Political scandals are not uncommon in Texas. Here’s what makes the Paxton saga unique.

AUSTIN — The legal jeopardy that has followed Attorney General Ken Paxton like a tenacious stray dog almost from the day he took office in 2015 put the three-term Republican on a well-worn path forged by countless Texas politicians at every level of service.

Like Paxton, three other attorneys general or former ones faced indictment. One was sent to federal prison; the others were acquitted. Like Paxton, one governor was impeached. He was booted out and barred from ever serving in office again. But the governor in question, James Ferguson, tried to say it didn’t count because he resigned before the Senate conviction was official.

And there were the sundry lawmakers and ex-lawmakers whose careers ended in shame. Among the misdeeds: skimming money from the Public Safety Officers Association; staging a phony assassination attempt  — that included getting himself being winged by buckshot; and soliciting a prostitute a couple miles south of the Capitol. One state official, though not an elected one, even ran a call-girl ring from his state office in north Austin.

But the saga of Warren Kenneth Paxton Jr., which is how the now-suspended attorney general is referred to in the articles of impeachment that will be laid out when his Senate trial begins Tuesday, could end up rewriting the standard for what passes as political scandal in Texas for the foreseeable future.

More: Here’s why AG Ken Paxton’s impeachment trial will gain attention well beyond Texas

For starters, there’s the sheer scope of allegations, 20 in all, that include bribery, marital infidelity and clandestine rendezvous, using the state’s top legal office to help a friend in legal trouble and obstructing justice.

Four of the 20 counts will be set aside since they included allegations of wrongdoing by Paxton already covered in criminal indictments that are pending regardless of what happens in the trial.

Then there are the sometimes lurid narratives that unfold in a 4,000-page document last month by the House impeachment managers that include reports that Paxton’s friend and political contributor helped set up a rideshare account under an alias so the attorney general could meet undetected with the woman he was said to have been seeing on the side.

And there’s the intrigue that comes when trusted top aides become, essentially, FBI and other law enforcement informants against their own boss, who holds the second-most powerful executive branch office in state government.

Before we get too far ahead of ourselves, let’s pause to reiterate that these are just allegations that Paxton denies, and that his attorneys are promising to methodically dismantle once the trial begins in the Senate chamber on the eastside of the Capitol’s second floor.

More: Impeachment is rare in Texas, but this governor and judge were kicked out of office

But before any effort at dismantling the allegations can be made, assuming the effort to have them dismissed at the outset is unsuccessful, they must first be aired. And not only will they be aired in what is expected to be a packed entry-by-ticket-only audience in the Senate gallery, but in a gavel-to-gavel livestream of the proceedings and perhaps even in a telecast or two.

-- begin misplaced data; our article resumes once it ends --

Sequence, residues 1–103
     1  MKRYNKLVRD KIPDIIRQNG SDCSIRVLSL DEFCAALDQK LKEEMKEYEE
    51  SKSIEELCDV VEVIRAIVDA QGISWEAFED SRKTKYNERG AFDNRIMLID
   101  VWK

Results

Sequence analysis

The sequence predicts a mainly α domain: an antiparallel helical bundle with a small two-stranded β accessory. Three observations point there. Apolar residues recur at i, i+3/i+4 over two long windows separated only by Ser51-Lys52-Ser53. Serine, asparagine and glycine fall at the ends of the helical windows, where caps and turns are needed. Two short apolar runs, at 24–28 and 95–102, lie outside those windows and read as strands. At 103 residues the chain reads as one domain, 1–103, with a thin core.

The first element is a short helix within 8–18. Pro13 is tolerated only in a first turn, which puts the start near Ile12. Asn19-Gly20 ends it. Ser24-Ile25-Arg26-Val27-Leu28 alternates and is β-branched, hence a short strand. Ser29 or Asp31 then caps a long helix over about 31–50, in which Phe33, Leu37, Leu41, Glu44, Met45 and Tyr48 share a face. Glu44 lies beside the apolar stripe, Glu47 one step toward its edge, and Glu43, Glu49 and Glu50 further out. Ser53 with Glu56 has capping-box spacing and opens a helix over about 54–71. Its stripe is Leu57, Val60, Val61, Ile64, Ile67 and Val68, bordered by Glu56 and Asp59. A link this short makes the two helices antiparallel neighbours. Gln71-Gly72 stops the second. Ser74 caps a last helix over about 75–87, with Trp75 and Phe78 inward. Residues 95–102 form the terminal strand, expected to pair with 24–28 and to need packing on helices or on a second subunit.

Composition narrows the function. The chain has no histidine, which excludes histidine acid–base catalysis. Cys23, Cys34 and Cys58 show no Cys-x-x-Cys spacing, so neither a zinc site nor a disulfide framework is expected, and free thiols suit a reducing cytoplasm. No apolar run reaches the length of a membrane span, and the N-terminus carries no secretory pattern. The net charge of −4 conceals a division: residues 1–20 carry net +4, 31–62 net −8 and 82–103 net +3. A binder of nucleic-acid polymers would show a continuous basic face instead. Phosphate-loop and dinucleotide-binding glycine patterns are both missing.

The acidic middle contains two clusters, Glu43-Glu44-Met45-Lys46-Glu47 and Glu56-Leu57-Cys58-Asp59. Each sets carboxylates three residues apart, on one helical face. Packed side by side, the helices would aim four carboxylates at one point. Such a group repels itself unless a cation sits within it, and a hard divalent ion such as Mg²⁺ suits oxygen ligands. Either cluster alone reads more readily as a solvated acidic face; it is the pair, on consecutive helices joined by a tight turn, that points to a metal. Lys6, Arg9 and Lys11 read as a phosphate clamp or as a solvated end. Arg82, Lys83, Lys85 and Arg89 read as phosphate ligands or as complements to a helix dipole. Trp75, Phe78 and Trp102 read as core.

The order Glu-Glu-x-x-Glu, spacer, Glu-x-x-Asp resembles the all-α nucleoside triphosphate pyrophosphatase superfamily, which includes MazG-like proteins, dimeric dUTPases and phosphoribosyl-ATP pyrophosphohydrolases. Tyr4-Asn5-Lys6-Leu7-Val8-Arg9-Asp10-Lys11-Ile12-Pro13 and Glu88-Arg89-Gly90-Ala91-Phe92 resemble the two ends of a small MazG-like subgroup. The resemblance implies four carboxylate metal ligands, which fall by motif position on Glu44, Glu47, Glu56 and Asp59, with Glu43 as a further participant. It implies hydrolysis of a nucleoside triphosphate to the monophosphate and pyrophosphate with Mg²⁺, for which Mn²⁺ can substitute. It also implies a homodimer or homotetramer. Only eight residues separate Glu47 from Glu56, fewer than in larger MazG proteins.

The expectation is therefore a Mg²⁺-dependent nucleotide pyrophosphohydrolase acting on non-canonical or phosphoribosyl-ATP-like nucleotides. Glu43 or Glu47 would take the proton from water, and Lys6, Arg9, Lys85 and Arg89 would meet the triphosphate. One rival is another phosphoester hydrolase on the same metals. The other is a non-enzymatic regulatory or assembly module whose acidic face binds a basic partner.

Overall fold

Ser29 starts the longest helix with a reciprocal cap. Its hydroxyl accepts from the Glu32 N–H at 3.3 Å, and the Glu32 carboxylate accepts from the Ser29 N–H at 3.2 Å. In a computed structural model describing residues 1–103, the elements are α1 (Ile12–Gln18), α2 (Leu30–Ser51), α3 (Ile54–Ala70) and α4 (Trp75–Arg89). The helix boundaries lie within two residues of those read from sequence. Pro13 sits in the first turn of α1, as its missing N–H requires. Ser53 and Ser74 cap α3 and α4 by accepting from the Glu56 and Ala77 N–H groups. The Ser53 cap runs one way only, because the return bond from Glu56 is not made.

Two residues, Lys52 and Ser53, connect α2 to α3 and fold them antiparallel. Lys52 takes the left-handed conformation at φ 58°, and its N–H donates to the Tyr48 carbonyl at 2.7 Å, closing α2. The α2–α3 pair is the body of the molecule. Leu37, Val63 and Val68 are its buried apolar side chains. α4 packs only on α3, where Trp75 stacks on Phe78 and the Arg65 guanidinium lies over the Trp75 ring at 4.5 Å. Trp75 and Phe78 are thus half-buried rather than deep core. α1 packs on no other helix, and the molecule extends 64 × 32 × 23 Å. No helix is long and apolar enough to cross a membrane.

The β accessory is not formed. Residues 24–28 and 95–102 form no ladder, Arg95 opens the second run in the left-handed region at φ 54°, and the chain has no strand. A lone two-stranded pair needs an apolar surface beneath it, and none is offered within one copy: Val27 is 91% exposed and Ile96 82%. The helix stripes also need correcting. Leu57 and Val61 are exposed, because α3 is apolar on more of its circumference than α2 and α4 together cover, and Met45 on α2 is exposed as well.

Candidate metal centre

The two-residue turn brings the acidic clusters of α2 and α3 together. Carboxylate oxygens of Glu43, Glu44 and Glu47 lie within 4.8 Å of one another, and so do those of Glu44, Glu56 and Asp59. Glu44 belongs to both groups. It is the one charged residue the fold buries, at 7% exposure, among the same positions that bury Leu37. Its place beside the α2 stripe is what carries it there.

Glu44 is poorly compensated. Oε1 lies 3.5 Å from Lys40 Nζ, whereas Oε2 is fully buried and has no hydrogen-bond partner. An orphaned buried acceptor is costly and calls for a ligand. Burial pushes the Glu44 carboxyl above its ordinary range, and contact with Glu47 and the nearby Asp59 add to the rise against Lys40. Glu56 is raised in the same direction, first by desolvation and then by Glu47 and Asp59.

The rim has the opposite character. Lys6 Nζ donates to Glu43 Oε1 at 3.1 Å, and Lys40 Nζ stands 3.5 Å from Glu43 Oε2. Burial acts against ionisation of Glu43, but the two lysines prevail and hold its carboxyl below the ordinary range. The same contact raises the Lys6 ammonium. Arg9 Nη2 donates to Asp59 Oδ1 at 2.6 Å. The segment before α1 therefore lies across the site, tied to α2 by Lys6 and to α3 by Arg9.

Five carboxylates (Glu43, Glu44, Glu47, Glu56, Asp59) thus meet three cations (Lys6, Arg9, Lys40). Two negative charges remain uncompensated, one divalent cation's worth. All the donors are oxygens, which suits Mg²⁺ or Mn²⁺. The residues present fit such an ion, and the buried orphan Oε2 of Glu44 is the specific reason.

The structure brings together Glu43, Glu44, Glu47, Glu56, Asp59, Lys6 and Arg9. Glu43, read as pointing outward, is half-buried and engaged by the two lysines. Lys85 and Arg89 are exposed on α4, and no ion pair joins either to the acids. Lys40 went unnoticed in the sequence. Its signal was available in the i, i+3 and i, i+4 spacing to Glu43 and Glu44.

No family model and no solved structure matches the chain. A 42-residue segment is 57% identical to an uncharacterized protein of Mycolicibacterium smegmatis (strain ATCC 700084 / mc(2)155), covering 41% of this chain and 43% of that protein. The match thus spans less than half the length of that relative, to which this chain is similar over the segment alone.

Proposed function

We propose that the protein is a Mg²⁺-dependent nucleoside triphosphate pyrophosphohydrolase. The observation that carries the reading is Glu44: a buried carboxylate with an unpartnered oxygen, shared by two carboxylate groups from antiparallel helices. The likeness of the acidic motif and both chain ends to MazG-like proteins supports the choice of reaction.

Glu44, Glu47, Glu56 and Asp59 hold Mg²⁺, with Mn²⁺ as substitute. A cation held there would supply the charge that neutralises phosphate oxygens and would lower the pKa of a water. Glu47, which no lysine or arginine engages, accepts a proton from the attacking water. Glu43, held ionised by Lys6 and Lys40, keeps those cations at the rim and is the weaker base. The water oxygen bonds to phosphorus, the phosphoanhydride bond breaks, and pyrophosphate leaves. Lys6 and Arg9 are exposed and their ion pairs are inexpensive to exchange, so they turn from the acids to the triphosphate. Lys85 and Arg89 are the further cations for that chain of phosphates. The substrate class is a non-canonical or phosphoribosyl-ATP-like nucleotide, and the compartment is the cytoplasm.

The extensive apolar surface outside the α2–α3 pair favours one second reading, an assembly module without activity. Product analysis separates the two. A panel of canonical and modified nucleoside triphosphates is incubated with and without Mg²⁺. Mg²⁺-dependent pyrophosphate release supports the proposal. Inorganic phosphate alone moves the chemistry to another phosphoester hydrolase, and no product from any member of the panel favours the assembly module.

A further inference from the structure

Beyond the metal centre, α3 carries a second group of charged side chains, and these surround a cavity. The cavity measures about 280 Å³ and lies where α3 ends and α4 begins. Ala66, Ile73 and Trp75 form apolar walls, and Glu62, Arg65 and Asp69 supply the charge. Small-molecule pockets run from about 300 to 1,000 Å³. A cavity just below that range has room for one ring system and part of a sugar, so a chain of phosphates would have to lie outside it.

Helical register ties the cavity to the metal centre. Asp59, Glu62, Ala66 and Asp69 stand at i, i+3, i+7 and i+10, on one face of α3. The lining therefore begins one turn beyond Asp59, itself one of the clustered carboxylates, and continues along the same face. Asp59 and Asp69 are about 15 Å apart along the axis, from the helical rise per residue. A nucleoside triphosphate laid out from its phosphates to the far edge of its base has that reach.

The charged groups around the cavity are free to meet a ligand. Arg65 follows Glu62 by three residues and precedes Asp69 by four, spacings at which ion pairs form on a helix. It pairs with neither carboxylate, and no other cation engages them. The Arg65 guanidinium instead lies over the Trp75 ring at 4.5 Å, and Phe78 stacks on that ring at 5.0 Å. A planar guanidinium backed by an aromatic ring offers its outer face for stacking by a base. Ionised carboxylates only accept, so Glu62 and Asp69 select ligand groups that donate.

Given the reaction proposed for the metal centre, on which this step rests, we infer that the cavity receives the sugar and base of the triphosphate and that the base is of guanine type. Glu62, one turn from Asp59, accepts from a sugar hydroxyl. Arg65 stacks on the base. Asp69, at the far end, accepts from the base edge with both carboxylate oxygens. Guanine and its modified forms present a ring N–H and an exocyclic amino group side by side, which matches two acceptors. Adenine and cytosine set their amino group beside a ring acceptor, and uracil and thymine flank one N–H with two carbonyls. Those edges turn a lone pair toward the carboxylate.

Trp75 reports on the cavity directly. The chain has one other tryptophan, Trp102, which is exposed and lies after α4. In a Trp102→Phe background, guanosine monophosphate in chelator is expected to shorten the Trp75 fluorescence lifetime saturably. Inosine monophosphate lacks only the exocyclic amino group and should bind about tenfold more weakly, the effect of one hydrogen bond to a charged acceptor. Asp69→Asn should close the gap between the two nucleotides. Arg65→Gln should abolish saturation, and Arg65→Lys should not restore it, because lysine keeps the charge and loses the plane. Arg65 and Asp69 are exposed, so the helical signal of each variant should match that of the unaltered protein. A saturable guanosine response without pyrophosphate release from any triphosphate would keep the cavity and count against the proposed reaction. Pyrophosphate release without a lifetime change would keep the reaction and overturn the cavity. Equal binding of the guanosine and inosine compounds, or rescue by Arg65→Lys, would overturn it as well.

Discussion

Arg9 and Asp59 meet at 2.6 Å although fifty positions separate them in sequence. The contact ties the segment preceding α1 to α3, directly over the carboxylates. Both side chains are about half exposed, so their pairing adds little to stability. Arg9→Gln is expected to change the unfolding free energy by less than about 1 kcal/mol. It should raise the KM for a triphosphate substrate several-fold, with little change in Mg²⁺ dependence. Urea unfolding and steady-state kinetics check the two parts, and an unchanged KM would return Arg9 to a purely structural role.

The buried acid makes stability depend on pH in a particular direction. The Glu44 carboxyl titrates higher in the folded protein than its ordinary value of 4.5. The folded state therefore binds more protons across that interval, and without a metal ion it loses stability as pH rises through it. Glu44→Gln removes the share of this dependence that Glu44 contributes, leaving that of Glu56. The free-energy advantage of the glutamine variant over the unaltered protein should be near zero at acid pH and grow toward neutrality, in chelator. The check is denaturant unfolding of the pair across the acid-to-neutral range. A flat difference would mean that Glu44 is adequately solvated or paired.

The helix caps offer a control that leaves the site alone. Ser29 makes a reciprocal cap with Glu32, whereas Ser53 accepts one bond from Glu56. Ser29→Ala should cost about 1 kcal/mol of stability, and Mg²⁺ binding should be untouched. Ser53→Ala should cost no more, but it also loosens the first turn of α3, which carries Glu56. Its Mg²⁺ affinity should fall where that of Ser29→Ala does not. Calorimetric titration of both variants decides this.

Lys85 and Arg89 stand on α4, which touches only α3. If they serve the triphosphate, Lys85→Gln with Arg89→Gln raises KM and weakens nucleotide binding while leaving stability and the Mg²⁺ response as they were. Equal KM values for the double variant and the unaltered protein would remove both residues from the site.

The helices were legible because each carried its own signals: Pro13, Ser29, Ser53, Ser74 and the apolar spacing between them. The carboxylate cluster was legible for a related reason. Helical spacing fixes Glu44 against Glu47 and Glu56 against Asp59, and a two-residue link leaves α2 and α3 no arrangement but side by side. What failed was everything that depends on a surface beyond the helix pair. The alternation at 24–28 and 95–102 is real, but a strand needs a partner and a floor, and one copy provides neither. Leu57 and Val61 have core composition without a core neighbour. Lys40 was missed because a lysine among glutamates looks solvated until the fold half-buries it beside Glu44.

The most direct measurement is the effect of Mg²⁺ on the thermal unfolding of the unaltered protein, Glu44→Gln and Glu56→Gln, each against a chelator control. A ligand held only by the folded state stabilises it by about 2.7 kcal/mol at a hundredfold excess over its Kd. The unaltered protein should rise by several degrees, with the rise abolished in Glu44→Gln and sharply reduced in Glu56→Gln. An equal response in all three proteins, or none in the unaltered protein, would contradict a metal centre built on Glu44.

And that’s a big part of what sets this political drama apart from any that came before in Texas.

Texas governor James Ferguson

Texas governor James Ferguson

Ferguson was impeached in a trial that began Aug. 31, 1917, one day before his 46th birthday. It was no doubt big news in Texas at the time, but any news back then traveled slowly. The first static-addled commercial radio broadcast was more than three years away, and any newspaper reporters from New York or Washington dispatched to cover the trial would have found themselves spending the final weeks of a Texas summer inside a Capitol building without modern air conditioning.

Same went for their hotel accommodations.

The next Texas impeachment would come in 1975. But the central figure was a comparatively obscure judge from South Texas. He, too, got the boot. But the question of whether O.P. Carrillo should stay or go was of no real consequence to all but a tiny handful of Texans.

Whoever happens to be attorney general and how that person behaves, on the other hand, is a matter of importance to everyone in Texas, regardless of where they live, how old they are, if have legal status to be in the state or whether they are holding a job or rotting in prison. Here’s the official job description:

“The main responsibilities of the Office of the Attorney General are defending the State of Texas and its duly elected laws by providing legal representation to the State, serving the children of Texas through the enforcement of the state’s child support laws, securing justice for Texans, protecting Texans from waste, fraud, and abuse, and safeguarding the freedoms of Texans as guaranteed by the United States and Texas constitutions.”

Those words certainly sound noble, and living up to them requires the virtues that most Texans like to think they see in themselves when they’re deciding who to vote for. Perhaps the trial will show that Paxton meets that high bar of virtue and this all becomes a footnote in Texas history.

But if the facts, evidence and verdict show otherwise, all this will be required reading in the Texas history books for generations to come.

John C. Moritz covers Texas government and politics for the USA Today Network in Austin. Contact him at jmoritz@gannett.com and follow him on X, formerly known as Twitter, @JohnnieMo.

This article originally appeared on Corpus Christi Caller Times: Why the Ken Paxton saga could rewrite the book on Texas political scandal

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